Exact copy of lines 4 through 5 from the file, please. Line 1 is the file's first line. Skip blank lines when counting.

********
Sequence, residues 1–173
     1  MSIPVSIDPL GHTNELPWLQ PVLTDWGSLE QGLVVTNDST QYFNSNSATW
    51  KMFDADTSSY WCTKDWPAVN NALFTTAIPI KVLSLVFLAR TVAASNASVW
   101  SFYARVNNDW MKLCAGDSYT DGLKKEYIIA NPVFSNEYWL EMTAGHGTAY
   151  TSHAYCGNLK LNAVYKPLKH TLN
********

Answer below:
   101  SFYARVNNDW MKLCAGDSYT DGLKKEYIIA NPVFSNEYWL EMTAGHGTAY
   151  TSHAYCGNLK LNAVYKPLKH TLN